First Things First

U. of Hartford faculty recommends cutting several programs to invest in others, becoming the latest college to reject the "having it all" mentality in favor of focus on sustainable programs. 

October 2, 2012

It can be tough to hear that one can’t truly have it all, but the University of Hartford's faculty members seem to be taking the news well.

It probably helps that the message is coming from other faculty members.

Last week the university announced the recommendations of two task forces charged with evaluating the university’s entire academic and administrative enterprise to prioritize which programs should be maintained, which should be restructured, which need more funding, and which should be cut.

In total, the task force called for cutting some 40 academic programs – from minors in the humanities and arts to the doctorate in educational leadership -- and restructuring another 60 to free up resources to invest in some areas seeing significant growth, including undergraduate degrees in biology, communication, psychology, and nursing, and the M.B.A. The committee recommended no change for most of Hartford’s programs.

While several universities have made headlines since 2008 for cutting programs (see here, here, here, and here), most of those were in reaction to revenue declines – either from endowment losses or cuts to state appropriations. Hartford’s efforts are one of the most comprehensive program prioritizations in recent years. The task force focused on academics reviewed a total of more than 250 academic and administrative programs.

Hartford’s efforts – along with a similar announcement by Emory University a week earlier that it would be cutting some programs in its College of Arts and Sciences to invest in others – could represent a slight shift among colleges in the belief that the way to be a top university is to have a full array of programs. Hartford, Emory, and others have begun to narrow their offerings to improve what they do decide to offer.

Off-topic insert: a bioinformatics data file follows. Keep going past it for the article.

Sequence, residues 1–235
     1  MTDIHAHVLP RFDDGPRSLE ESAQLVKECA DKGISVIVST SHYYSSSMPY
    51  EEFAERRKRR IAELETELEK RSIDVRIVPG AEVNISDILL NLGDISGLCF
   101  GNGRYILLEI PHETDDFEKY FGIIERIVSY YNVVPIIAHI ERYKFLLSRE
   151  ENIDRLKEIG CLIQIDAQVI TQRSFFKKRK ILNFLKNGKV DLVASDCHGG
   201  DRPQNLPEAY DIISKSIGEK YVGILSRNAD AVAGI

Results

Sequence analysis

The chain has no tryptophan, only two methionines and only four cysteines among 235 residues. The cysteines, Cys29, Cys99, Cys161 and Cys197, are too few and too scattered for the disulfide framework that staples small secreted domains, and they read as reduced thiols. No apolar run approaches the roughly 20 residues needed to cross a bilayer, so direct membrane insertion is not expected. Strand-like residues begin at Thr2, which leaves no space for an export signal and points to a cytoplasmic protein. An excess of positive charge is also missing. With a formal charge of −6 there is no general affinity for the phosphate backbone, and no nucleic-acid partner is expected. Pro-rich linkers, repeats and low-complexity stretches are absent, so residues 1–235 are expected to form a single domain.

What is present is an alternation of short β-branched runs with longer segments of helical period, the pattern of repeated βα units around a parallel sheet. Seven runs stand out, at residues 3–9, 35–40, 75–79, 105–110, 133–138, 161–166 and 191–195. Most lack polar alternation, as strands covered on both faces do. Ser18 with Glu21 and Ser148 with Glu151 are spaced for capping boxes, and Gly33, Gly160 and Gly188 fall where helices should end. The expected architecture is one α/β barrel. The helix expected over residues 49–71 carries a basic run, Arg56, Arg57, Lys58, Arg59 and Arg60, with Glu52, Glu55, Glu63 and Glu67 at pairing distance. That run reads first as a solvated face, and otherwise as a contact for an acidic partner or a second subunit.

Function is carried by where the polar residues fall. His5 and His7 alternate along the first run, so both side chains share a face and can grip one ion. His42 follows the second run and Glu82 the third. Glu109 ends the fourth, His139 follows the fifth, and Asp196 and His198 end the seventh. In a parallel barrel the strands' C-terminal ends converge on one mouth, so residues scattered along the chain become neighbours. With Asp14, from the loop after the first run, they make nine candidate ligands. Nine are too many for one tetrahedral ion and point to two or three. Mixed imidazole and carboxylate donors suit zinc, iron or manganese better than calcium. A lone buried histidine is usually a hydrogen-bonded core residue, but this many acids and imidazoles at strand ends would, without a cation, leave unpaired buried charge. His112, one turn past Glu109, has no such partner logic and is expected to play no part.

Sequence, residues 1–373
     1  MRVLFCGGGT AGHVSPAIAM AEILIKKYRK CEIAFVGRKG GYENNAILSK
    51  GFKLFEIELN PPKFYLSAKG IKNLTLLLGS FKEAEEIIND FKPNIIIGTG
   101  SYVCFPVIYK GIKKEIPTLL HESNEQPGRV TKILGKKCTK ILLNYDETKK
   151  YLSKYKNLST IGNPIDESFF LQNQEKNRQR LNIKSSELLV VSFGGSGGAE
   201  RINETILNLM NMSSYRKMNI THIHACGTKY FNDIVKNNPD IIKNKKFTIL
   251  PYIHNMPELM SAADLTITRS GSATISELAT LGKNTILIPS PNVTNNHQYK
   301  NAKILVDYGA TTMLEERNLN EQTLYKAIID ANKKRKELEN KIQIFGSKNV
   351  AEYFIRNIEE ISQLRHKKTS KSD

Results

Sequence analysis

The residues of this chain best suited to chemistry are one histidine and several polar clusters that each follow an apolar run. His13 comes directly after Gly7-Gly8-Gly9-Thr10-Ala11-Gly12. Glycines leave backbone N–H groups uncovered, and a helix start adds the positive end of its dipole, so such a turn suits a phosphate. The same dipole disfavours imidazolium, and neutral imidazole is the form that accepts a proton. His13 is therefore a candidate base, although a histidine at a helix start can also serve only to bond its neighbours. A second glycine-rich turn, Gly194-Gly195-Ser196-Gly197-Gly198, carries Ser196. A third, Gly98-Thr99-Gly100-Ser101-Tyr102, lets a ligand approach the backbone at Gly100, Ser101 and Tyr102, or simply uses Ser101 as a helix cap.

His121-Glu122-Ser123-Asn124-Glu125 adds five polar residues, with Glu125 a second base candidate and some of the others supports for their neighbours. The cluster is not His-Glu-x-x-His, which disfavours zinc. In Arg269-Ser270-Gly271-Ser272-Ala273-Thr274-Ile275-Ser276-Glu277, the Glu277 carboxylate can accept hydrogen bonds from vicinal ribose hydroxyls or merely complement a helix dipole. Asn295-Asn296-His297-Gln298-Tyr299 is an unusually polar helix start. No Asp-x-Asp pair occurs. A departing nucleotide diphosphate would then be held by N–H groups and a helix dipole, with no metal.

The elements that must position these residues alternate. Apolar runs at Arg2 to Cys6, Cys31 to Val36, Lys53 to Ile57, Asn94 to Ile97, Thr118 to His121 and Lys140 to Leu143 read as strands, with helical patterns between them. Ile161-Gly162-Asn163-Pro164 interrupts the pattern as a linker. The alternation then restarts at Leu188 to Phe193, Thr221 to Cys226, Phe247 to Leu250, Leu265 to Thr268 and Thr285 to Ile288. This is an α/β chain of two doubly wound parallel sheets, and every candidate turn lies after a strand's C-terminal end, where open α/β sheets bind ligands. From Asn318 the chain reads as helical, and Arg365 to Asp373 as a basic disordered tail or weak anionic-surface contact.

Hartford’s consideration of financial viability as an important criterion in which programs to cut and in which to invest also reflects a notion -- much-discussed at this year’s annual meeting of the National Association of College and University Business Officers -- that academic decisions can’t be made independent of financial realities. Most non-elite private colleges and universities like Hartford depend on tuition revenue to fund the bulk of their operations, and many on the finance side of higher education argue that universities need to emphasize the programs that will attract and retain students while cutting those that are not essential to a university's mission and that lose revenue.

Hartford President Walter Harrison said the prioritization process will help the university cope with changes in the higher education landscape that could impair the university’s ability to thrive in the future, including decreases in the region’s traditional college-aged demographics and Hartford’s yield, and the rising cost of financial aid. Since 2008, the university's financial aid expenditures have risen from $45 million to $60 million. And while the number of applicants has increased, the percentage of admitted students who choose to enroll has dropped 5 percent.